Two points that concern me about the suggestion that the PC will rubber stamp the cross-party charter without any consideration or public consultation:
(1) in her Ministerial Written Statement on 4 July, Maria Miller said “work has continued to prepare the charter published on 18 March for formal consideration to the Privy Council; she goes onto say that technical changes are needed to the 18 March version “to ensure its application in Scotland” and that “a legal technical review of the Charter has been undertaken as part of an overall assurance process. I will be publishing an updated version of the cross-party Charter in due course.”; and (2) on the PC website, no distinctions are drawn between “parliamentary Royal Charters” and others and under the heading “preliminary steps” it says “the fact of a formal Charter application will be publsihed by this office, to allow other interested individuals to comment or to lodge counter-petitions. Because the proces of Petitioning for a Charter is thus a public one …”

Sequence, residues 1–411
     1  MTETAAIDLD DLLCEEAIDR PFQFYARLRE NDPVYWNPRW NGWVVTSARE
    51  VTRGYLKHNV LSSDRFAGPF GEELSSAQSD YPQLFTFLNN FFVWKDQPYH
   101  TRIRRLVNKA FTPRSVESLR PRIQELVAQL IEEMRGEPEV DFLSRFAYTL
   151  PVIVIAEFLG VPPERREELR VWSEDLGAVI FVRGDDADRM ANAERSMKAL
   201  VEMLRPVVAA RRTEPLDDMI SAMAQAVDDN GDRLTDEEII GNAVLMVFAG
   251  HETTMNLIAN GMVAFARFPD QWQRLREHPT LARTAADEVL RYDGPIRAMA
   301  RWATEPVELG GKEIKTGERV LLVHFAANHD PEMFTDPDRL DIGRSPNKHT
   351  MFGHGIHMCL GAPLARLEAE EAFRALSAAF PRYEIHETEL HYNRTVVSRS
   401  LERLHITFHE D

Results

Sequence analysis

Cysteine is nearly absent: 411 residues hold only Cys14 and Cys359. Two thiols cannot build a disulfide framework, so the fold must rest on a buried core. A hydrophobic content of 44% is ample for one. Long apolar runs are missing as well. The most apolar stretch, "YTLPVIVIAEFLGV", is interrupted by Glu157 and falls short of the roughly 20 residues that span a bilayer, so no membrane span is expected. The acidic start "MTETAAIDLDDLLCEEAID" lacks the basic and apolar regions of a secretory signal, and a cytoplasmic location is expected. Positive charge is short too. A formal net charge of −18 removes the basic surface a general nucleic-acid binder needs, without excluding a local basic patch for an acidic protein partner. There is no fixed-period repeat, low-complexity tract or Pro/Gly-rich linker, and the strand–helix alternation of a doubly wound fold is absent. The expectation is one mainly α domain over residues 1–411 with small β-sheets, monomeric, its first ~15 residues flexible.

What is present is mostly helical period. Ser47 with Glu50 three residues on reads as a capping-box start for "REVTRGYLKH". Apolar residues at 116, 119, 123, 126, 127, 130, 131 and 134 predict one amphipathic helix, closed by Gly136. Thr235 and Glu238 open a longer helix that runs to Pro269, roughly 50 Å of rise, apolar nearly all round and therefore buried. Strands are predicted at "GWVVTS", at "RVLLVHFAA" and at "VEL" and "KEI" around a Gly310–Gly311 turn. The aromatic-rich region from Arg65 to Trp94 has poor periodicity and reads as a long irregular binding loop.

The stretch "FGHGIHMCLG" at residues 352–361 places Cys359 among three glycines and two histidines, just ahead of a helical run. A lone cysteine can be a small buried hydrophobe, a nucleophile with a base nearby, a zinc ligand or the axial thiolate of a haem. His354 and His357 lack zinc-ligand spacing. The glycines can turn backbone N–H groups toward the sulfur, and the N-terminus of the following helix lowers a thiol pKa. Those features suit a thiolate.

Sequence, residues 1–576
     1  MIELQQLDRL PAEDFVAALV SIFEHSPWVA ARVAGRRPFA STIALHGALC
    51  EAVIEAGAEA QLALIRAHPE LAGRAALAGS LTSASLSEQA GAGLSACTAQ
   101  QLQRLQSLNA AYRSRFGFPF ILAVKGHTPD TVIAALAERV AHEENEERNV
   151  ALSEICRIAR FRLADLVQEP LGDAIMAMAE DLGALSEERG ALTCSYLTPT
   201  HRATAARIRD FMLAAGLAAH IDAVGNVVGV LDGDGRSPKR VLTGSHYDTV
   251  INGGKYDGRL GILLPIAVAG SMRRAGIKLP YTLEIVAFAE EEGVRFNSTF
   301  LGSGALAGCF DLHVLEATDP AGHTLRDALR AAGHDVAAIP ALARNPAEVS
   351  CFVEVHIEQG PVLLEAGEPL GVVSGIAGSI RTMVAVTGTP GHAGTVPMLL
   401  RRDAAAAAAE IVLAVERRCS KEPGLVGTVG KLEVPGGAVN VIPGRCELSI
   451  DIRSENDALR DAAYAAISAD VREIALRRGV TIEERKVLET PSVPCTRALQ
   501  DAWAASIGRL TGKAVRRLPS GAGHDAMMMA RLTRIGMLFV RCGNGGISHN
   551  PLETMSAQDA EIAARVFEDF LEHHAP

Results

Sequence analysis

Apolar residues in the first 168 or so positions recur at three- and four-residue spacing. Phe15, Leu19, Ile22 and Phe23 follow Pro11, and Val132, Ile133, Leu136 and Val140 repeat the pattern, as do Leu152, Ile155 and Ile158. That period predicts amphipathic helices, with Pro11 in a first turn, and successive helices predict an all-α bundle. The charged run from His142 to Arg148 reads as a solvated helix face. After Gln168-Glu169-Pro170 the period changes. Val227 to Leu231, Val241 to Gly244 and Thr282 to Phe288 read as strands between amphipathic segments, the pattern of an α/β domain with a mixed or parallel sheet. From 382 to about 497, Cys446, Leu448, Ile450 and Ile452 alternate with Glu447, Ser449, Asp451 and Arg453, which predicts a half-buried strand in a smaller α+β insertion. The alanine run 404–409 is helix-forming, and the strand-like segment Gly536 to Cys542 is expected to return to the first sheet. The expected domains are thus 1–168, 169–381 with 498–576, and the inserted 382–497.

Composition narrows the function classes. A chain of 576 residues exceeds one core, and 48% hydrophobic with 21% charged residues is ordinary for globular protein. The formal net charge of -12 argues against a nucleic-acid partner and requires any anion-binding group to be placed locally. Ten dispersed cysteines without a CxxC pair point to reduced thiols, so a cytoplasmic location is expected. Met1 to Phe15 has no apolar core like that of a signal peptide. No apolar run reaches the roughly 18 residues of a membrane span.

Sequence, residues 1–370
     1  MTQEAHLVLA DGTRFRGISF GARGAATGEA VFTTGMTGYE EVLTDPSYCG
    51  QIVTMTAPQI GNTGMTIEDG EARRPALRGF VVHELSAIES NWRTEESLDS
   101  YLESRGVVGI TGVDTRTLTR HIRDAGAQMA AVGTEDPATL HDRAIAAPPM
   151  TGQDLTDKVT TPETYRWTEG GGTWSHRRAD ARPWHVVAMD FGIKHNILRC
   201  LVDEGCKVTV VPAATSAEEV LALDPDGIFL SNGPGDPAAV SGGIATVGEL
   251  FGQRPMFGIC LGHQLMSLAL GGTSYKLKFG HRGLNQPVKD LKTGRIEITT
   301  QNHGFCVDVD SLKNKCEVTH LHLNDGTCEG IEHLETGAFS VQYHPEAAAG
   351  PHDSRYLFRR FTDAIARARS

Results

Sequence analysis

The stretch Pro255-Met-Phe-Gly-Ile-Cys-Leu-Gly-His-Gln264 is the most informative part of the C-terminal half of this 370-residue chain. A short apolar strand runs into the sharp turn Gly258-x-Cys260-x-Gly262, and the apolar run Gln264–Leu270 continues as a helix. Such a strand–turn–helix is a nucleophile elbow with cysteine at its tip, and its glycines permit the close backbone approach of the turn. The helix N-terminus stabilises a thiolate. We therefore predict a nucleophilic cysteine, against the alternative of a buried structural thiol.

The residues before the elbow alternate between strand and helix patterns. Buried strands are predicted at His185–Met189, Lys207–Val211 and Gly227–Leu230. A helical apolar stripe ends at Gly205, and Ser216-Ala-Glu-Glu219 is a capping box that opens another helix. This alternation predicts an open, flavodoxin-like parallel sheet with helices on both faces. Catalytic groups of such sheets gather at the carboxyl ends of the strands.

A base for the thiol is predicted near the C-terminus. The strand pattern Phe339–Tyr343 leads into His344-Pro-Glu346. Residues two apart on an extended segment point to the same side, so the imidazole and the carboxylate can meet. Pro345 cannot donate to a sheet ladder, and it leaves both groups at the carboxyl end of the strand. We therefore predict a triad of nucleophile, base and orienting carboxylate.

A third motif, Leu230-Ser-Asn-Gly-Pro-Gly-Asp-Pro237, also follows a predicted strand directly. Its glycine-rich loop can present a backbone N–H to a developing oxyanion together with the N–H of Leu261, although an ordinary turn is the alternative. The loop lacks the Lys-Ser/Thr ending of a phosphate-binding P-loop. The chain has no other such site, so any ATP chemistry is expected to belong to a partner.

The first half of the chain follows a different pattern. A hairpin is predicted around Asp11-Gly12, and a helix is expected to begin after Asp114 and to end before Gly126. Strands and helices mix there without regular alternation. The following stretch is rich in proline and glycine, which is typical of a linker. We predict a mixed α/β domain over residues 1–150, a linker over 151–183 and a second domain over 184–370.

When you say …. “When we spoke at the Media Law Conference a couple of weeks ago, i thought you said that the cross-party charter would go through the same process as the industry one and would be looked at in accordance with the same ‘rules”, which were publicly available on a website?”….
I am pretty sure I said the opposite. I think there is an unheard “NOT” so it should read … “the cross-party charter would NOT [have to] go through the same process as the industry one and would be looked at in accordance with the same ‘rules”, which were publicly available on a website?
The terms (not so much rules) against which the PressBoF Charter was considered during and after the “period of openness” are indeed on the PC website. I believe the Privy Council sub-committee is now (or has just finished?!) considering it against “how well it delivers Government policy as set out in the 18th March Charter.”
Thanks Evan. Can you send me the link to the PC website where the terms are.